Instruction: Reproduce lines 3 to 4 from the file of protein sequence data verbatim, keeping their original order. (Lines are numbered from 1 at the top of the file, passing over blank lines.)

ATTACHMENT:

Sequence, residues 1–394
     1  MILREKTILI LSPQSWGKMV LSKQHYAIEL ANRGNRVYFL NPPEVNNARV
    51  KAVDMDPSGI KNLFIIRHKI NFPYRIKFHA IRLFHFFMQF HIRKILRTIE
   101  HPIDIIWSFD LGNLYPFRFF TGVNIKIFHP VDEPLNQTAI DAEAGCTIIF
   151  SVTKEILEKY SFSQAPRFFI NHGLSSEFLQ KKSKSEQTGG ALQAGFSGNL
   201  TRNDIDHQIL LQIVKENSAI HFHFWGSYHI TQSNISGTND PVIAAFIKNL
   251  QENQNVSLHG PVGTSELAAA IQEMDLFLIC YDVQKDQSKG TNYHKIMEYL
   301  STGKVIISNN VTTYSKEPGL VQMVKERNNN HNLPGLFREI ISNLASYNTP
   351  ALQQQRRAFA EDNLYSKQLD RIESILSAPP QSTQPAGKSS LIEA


    51  KAVDMDPSGI KNLFIIRHKI NFPYRIKFHA IRLFHFFMQF HIRKILRTIE
   101  HPIDIIWSFD LGNLYPFRFF TGVNIKIFHP VDEPLNQTAI DAEAGCTIIF